I considered the Southern League for People's Rights already formed. My mission was to take its principles and seek practical means for implementing. I conferred with several Northern-based programs (correspondence includes Urban League) but preferred an independent organization to a branch of an extablished organization. Actually I was trying to cover all bases to see what I could do about funding. A letter to President Agnew reports my final solution.
"My work here at the University of North Carolina is fulfilling every expectation. I had known of the prestige of the sociology department, particularly in the rural field, but I did not expect to find quite such a high level of work all along the line."
Then I tell something about Rupert Vance, Guy Johnson, Lee Brooks, Odum &

Page 32
Ernest Groves. "When you have a little spare time I would appreciate it if you would write Dr. Howard W. Odum, Director, Institute for Research in Social Sciences, and express your pleasure that I have decided to tie up my research project with a university of the calibre of U. of N.C. I think it would please him. And besides, I believe he would be glad to learn something of my work at W.C.A. (Woman's College of Alabama), whether I left in good standing and so forth. It would be a good plan for you to say that you advised me in the beginning to use my material for a Doctoral dissertation, and to go right on for my degree. At that time I felt that any academic affiliation would be restrictive, both of my research plans and of a strong desire I had for doing something with a program of civil rights. For instance, I have told Dr. O. of my interest in the latter." I didn't want Dr. Odum to accept me as a student without knowing that I had this background.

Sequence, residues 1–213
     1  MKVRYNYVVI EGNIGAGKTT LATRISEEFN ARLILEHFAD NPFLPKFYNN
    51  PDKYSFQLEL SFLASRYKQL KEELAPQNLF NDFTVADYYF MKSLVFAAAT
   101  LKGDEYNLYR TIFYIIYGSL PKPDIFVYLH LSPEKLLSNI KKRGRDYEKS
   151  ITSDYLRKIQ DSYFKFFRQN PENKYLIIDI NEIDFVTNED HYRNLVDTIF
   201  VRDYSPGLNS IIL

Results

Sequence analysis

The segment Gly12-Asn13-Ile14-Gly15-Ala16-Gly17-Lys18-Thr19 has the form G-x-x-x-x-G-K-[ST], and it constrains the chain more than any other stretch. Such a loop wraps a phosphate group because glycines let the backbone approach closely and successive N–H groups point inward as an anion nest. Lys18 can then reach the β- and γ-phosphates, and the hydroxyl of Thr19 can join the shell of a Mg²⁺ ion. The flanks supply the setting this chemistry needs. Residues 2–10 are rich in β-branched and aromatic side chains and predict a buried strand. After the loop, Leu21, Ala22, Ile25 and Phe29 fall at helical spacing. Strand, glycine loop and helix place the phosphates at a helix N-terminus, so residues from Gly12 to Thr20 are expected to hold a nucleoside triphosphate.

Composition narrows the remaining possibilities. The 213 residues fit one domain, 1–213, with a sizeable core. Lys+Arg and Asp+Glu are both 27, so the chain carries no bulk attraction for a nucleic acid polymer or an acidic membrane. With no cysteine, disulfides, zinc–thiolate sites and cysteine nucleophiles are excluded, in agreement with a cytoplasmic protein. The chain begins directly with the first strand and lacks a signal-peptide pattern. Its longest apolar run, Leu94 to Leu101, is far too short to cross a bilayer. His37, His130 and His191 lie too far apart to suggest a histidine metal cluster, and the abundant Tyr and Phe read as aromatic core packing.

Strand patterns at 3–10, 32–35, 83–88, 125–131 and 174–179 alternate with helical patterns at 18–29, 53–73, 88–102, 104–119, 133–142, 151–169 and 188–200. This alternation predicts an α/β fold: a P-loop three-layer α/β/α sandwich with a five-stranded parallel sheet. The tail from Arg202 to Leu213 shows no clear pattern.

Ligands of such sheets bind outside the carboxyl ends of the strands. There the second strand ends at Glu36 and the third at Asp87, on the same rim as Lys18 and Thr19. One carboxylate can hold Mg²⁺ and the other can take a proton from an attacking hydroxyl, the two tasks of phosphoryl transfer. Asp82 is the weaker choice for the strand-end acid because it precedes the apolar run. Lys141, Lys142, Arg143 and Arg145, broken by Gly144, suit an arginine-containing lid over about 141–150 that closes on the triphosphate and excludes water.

SHERNA GLUCK:
Well then, Olive, when you couldn't get the funding for the …
OLIVE STONE:
Then I told President Agnew, "As you may recall, the year I came to Huntingdon [it was not called Huntingdon then] I was offered a very enticing fellowship at the University of Chicago, and Bess Adams was urging me to be her roommate there. However, I have never regretted my decision to come to Montgomery. In fact, no more enriching years have I had in a long time." And so forth. "For much of the real joy, as well as the fine constructive value, I am indebted to you." And then I tell about seeing members of the Huntingdon faculty in Washington and in New York.
SHERNA GLUCK:
Well now, it was when you were not able to get the financing for both the Committee for People's Rights and for your own research that you decided, in that interim before January, to go to Chapel Hill for the Doctorate?
OLIVE STONE:
And to apply first for admission and then for a fellowship.

Page 33